And at the wake the other night, I heard somebody say, “He never harmed anyone in his life.” He went about doing good and he did no harm to any that have come into contact with him. You and I are for better because for a fleeting moment we have known Chuck Shea. We have known a true Christian gentleman, a true follower of Christ, who put the teachings of Christianity into practice in his daily life. St. Mary’s is going to be the worse because of his demise. You and I are going to feel a loss at his going. Certainly we hope that his going will leave us a little the better. That we will be able to put into practice and try to practice the virtues of Christian charity and zeal and helpfulness that we saw exemplified in his life. I hope that we are all better, better Christians because we were privileged to know Chuck Shea even for a short time.
To his Mother, his Wife, his Children, I extend my sincere sympathy, you have suffered a great loss, there’s emptiness in your life that can never be filled. We want you to know that you did your best and your utmost to preserve and to keep his body and soul joined together. But the moments of final disillusion decreed by Almighty God from all eternity has come for your loved one. Almighty God who had felt that the cup of his suffering had been filled to overflowing called him to Himself. That his stewardship on this Earth had been fulfilled and was to be no more. Medical science can do much to preserve human life but it cannot stay the moment of final disillusion. We would not want him back for more and further suffering on this Earth. We miss him, we admire the patience and the resignation for which he bore the trials that were visited upon him. We sincerely hope and pray that the God of Mercy will grant him the rest and peace and the happiness in the next life and eternal reward which he deserves for faithful fulfillment of the duties of his state of life here on Earth.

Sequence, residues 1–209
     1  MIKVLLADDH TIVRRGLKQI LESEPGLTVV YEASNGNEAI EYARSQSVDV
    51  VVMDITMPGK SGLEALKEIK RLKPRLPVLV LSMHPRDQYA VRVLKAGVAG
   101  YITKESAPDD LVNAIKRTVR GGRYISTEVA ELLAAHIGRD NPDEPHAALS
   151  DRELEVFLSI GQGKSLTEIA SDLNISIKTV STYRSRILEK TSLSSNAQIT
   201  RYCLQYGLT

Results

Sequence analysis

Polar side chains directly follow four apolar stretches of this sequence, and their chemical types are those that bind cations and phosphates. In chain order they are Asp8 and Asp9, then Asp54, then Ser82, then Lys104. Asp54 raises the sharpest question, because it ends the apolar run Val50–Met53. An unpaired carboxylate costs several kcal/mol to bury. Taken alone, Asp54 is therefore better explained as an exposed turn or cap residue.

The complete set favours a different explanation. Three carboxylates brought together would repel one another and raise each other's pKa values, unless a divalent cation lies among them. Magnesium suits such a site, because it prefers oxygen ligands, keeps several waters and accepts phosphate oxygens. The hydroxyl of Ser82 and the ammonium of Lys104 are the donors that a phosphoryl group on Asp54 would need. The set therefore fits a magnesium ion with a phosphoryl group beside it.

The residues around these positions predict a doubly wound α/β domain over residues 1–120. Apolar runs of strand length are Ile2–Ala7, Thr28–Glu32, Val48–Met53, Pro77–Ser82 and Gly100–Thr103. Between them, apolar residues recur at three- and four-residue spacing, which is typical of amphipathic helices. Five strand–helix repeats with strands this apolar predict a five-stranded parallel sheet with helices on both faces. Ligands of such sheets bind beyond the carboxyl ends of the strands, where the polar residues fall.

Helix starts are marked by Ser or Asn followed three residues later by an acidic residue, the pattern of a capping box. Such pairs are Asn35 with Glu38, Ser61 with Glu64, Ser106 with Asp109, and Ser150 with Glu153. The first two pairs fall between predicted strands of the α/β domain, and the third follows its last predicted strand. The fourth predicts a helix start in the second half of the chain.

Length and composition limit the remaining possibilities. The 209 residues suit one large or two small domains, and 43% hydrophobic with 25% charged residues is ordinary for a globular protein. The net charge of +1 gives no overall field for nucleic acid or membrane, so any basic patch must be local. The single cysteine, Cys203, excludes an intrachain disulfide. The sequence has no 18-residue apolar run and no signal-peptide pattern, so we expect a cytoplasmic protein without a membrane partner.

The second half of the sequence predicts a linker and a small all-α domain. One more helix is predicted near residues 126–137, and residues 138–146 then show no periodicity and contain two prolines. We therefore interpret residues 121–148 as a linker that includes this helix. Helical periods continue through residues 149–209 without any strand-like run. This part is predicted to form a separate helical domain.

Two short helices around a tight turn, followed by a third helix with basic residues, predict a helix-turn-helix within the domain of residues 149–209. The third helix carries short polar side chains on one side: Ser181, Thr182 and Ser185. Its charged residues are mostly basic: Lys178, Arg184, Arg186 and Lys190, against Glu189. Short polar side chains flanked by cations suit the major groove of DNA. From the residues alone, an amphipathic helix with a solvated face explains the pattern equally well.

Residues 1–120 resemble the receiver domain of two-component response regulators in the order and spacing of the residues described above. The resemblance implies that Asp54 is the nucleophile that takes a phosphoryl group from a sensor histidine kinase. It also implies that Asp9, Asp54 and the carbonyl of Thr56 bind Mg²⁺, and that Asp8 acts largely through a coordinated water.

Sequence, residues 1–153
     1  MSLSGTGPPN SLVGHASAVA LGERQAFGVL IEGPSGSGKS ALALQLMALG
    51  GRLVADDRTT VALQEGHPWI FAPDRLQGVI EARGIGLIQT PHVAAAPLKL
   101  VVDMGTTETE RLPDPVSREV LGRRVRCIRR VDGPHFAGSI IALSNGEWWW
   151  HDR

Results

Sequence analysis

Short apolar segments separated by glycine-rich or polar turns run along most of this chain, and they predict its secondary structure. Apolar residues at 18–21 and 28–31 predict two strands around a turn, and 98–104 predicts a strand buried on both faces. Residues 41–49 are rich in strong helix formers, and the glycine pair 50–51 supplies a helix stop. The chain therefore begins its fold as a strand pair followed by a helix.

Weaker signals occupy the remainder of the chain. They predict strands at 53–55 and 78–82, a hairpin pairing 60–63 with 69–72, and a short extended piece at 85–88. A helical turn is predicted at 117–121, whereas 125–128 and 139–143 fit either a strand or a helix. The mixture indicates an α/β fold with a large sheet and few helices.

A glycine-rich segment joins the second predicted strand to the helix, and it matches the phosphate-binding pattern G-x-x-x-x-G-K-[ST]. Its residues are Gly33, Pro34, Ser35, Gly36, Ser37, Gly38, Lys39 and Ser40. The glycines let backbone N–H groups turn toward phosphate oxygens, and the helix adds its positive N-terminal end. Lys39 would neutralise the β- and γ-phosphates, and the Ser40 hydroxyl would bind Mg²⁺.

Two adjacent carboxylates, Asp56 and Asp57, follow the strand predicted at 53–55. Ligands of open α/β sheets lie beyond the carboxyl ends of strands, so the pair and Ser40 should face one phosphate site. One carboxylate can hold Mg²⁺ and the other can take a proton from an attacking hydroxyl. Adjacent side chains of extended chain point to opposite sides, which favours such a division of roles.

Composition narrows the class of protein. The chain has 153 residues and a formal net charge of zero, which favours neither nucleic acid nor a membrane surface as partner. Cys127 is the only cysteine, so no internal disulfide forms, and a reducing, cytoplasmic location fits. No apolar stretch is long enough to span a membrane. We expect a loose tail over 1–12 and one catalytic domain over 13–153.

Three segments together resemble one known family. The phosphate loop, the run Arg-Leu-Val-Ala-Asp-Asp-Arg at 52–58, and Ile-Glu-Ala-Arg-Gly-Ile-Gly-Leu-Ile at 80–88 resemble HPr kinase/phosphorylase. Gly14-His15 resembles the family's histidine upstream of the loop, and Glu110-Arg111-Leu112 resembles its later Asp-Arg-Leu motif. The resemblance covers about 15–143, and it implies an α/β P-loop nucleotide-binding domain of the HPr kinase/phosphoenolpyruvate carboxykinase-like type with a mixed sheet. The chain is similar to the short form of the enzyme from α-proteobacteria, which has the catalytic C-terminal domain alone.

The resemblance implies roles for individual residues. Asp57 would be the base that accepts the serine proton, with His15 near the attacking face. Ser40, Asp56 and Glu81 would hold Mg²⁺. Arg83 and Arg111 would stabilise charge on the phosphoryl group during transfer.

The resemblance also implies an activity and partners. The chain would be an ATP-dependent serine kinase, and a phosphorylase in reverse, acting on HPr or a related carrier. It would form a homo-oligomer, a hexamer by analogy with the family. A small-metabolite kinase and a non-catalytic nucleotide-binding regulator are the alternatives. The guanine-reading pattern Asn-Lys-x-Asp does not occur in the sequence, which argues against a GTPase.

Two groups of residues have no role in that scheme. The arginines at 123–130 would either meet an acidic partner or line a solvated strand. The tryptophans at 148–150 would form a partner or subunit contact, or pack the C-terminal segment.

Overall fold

I sincerely hope that you who have gathered here in numbers this morning will remember him in your prayers, as I know from the prayers of the liturgy of the Mass we must ask eternal rest for each and every departed soul; that God may give the final and eternal peace to all who have died. For we have not here a lasting city, but we seek one that is to come. Eternal rest grant unto him O Lord and let the perpetual light shine upon him. Amen.